Non-professional indigenous staff in northern research   /   Francis, K.E.
Arctic, v. 26, no. 4, Dec. 1973, p. 270-275
ASTIS record 9357

... Clearly we are witnessing a fundamental change in the terms of reference for northern research arising from the Northerner's rejection of his imposed role as object of investigation and curiosity. ... social research has been jeopardized in many northern areas today. This is an especially unfortunate situation in that there remains need both for better general understanding of northern communities and environments and for the benefits that could be realized by the communities, as well as outside interests from well-considered and well-executed research. There have been some recent efforts to establish more empathetic and more effective approaches to social and environmental research in the North, the Arctic Institute's Man-in-the-North (MIN) Project being a notable one. The MIN Project sought local initiatives on both needs and procedures in social change in broad terms. The fact that the results of the project have not been entirely consistent with the rush of events only further demonstrates the basic differences between the self-perceived needs of northern people and the "benefits" being laid on them by external forces. The absence or near absence of qualified professional staff indigenous to northern communities is often cited as a deterrent to effective participation of northern people in research. ... In attempting to determine the possibilities for effective involvement of local non-professional staff in professional research roles, the University of Toronto and the Mackenzie Institute of Inuvik, with the support of the Donner Canadian Foundation, have now concluded the field phase of an experimental program of research on resident travel and land use in several communities in northwestern Canada. The program was highly unorthodox .... Project personnel in each community were selected as much on the basis of benefit to them as on their qualifications for the job. ... Working together they produced a nearly faultless record of the travels and land use of everyone in the large and dynamic Mackenzie Delta community of Aklavik. I have described briefly the nature of this project. There have been both negative and positive results. The most prominent positive result was the strong demonstration of the value of local experience in both conceptual and operational problems. One significant negative result was the demand and apparent need for greater guidance, reassurance and human contact of professional staff by the non-professionals. ... It appears that professionals, besides the obvious contributions they can make, can have a strong catalytic function. They can also, of course, dampen the initiatives of the non-professional staff if they are of such disposition. Since this is largely a matter of personality and sensitivity, it points up the importance of these factors in the selection of professionals who will be involved in northern work. ... [Suggestions for methodology are proposed for selection of suitable professionals and non-professionals, communication with Native organizations, etc.]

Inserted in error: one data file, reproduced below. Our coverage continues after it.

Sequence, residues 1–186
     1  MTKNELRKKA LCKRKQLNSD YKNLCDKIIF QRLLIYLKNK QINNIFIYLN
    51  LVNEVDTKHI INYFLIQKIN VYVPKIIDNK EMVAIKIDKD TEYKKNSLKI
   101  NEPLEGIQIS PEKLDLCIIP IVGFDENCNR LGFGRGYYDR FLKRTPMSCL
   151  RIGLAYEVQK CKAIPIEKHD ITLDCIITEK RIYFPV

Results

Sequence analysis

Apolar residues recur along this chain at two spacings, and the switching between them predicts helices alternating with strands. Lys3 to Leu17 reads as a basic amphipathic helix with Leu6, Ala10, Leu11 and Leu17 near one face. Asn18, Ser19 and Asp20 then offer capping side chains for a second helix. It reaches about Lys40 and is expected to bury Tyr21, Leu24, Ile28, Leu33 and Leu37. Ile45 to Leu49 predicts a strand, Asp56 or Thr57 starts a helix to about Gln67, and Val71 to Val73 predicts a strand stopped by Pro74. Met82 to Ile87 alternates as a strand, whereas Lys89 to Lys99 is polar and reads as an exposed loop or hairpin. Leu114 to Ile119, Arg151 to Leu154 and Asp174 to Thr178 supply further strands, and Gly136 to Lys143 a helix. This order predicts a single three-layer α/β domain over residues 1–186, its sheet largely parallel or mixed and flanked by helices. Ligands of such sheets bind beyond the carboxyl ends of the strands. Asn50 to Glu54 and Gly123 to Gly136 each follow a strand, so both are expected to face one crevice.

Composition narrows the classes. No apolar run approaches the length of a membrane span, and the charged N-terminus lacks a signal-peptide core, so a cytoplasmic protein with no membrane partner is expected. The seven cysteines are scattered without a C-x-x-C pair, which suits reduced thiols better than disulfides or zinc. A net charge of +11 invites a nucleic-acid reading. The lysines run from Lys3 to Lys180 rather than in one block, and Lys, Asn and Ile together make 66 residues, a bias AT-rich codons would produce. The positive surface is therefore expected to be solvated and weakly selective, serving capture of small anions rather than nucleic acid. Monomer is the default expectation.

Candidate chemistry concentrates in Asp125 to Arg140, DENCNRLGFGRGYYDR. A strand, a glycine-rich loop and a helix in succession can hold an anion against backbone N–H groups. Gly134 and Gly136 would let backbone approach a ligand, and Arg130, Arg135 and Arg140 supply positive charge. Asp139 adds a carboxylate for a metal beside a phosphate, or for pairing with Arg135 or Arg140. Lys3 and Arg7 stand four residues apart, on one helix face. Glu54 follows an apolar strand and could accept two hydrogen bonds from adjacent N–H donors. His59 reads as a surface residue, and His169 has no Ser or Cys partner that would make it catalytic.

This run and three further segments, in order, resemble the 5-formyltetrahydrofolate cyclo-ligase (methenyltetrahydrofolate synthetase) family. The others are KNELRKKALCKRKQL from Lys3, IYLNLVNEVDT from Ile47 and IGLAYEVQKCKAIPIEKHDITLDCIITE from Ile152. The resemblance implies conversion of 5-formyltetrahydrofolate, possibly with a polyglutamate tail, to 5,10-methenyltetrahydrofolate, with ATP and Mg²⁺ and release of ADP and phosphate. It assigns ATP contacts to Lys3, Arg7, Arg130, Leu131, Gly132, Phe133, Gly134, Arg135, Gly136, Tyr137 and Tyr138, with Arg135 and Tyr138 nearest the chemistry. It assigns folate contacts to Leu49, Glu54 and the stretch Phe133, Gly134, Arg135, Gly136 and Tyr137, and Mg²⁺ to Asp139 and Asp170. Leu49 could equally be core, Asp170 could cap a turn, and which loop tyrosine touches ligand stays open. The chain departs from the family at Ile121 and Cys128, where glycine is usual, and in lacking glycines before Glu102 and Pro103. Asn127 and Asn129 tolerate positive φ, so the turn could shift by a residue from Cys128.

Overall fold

The igloo and the natural bridge as ultimate structures   /   Handy, R.L.
Arctic, v. 26, no. 4, Dec. 1973, p. 276-281, figures
ASTIS record 10239

The Eskimo snow igloo is not a hemisphere as frequently depicted, but a catenoid of revolution with an optimum height-to-diameter ratio. This shape eliminates ring tension and shell moments and therefore prevents failure by caving or bulging. Rainbow Natural Bridge, Utah, is a catenary, probably because of weathering along the trajectory of maximum compressive stress.

Ice regime and ice transport in Nares Strait   /   Dunbar, M.
Arctic, v. 26, no. 4, Dec. 1973, p. 282-291, ill., figure
ASTIS record 10240

In order to assess the part played by ice export through the Canadian Arctic Archipelago in the heat budget of the Arctic Ocean, one of the factors that must be known is the length of time per year that the channels are sealed by fast ice. To establish this for Nares Strait, a series of flights was undertaken through the winters of 1970-71 and 1971-72. The resulting observations, combined with a search of historical records, suggest that the date of consolidation of ice in this channel tends to be late. A tentative calculation of annual export leads to the conclusion that the contribution of the Canadian channels may be greater than has been supposed.

Air quality in a Subarctic community, Fairbanks, Alaska   /   Holty, J.G.
Arctic, v. 26, no. 4, Dec. 1973, p. 292-302, ill., figures, tables
ASTIS record 10241